What is a Wrap-Around Loan
A wrap-around loan is a type of mortgage loan that can be used in owner financing deals. This type of loan involves the seller’s mortgage loan on the home and adds an additional incremental value to arrive at the total purchasing price that must be paid to the seller over time.
BREAKING DOWN Wrap-Around Loan
Wrap-around loans are a common form of financing used in seller financed deals. They take on the same characteristics as a seller financed loan but they factor a seller’s current mortgage into the financing terms.
Seller financing is a type of financing that allows the buyer to pay a principal amount directly to the seller. Seller financing deals have high-risks for the seller and usually require higher than average down payments. In a seller financing deal, the agreement is based around a promissory note which details the terms of the financing. In seller financing deals, principal is not required to be exchanged upfront and the buyer makes installment payments directly to the seller which include notional principal and interest.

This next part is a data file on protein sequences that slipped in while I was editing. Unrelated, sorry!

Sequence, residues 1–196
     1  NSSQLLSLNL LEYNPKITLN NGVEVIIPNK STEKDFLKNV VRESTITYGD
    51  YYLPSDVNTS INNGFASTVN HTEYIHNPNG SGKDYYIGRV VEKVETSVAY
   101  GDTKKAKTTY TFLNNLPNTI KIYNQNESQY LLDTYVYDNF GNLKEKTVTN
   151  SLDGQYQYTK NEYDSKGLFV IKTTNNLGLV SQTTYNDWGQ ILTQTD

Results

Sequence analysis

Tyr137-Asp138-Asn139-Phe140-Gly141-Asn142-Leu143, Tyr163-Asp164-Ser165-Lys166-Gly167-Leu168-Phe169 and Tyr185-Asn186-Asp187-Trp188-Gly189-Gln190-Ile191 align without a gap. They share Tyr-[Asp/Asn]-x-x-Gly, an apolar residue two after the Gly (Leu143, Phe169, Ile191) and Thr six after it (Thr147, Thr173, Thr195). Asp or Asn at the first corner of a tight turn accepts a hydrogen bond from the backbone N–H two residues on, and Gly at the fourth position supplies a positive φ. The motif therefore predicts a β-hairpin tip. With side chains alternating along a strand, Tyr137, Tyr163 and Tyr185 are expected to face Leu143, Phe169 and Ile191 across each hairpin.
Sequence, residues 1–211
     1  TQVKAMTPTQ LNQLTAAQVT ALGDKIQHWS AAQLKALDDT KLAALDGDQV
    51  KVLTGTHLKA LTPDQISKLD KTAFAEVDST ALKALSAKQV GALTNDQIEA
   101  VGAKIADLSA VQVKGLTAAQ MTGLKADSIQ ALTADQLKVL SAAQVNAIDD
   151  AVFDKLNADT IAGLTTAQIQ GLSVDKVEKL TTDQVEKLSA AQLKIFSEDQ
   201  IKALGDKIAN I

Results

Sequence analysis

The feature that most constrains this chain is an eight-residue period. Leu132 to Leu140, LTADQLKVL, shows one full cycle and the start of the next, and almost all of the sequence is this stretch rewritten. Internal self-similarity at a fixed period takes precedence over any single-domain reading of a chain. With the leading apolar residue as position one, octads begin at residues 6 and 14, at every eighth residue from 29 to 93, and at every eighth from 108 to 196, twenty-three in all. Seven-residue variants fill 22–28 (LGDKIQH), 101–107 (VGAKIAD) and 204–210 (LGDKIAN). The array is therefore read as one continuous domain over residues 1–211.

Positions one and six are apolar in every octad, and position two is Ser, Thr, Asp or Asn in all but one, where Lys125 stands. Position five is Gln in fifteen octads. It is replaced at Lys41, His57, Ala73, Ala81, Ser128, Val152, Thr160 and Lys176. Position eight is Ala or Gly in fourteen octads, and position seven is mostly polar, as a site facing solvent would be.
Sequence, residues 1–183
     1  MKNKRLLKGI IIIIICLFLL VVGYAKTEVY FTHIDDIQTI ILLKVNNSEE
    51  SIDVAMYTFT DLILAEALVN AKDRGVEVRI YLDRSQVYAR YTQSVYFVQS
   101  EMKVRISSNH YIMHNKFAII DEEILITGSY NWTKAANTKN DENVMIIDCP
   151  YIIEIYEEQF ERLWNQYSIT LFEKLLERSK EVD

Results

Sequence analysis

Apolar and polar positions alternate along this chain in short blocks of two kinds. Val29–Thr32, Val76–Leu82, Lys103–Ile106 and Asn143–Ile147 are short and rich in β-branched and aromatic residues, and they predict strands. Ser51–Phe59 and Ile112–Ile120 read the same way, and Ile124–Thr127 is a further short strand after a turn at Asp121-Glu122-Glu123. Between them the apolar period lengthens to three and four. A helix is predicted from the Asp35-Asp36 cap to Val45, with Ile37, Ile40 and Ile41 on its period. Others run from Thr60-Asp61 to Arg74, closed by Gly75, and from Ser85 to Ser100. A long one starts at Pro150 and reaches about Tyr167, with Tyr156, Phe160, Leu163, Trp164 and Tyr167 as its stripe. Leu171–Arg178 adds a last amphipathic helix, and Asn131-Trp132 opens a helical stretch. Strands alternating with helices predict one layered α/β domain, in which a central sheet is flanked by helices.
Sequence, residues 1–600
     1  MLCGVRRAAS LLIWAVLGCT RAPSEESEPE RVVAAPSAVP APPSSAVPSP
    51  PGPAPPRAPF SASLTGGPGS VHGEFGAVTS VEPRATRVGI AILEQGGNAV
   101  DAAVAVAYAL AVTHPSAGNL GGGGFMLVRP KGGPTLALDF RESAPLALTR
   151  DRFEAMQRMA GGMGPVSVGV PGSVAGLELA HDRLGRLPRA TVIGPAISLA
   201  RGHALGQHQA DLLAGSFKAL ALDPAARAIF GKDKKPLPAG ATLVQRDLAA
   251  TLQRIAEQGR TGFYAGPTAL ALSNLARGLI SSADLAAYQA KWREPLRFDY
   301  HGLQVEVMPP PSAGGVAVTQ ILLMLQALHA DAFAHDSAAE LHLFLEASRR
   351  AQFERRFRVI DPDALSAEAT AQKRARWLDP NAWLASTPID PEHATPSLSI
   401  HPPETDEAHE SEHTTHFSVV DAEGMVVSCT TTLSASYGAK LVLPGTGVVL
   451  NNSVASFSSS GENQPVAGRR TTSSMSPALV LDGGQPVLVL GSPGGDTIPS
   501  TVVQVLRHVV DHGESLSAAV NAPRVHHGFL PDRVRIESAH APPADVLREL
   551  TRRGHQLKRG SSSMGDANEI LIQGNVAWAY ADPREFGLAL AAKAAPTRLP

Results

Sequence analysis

Wrap-Around Loan Structuring
Wrap-around loans build on the owner financing concept and deploy the same basic structuring. A wrap-around loan structure is used in an owner financing deal when a seller has a remaining balance to pay on the property’s first mortgage loan. A wrap-around loan takes into account the remaining balance on the seller’s existing mortgage at its contracted mortgage rate and an incremental balance added to arrive at the total purchase price. In a wrap-around loan the seller’s base rate of interest is based on the terms of their existing mortgage loan. To break even, the seller must at least earn interest that matches the rate on the loan for which they still have to repay. Thus, a seller has the flexibility to negotiate the buyer’s interest rate based on their current terms. Generally, the seller will want to negotiate the highest possible interest rate in order to make payments on the first mortgage and also earn a spread on the deal.
Wrap-around loans can be risky for the seller since they take on the full default risk on the loan. Sellers must also be sure that their existing mortgage does not include an alienation clause which requires them to repay the mortgage lending institution in full if collateral ownership is transferred or if the collateral is sold. Alienation clauses are common in most mortgage loans which often prevent wrap-around loan deals from occurring.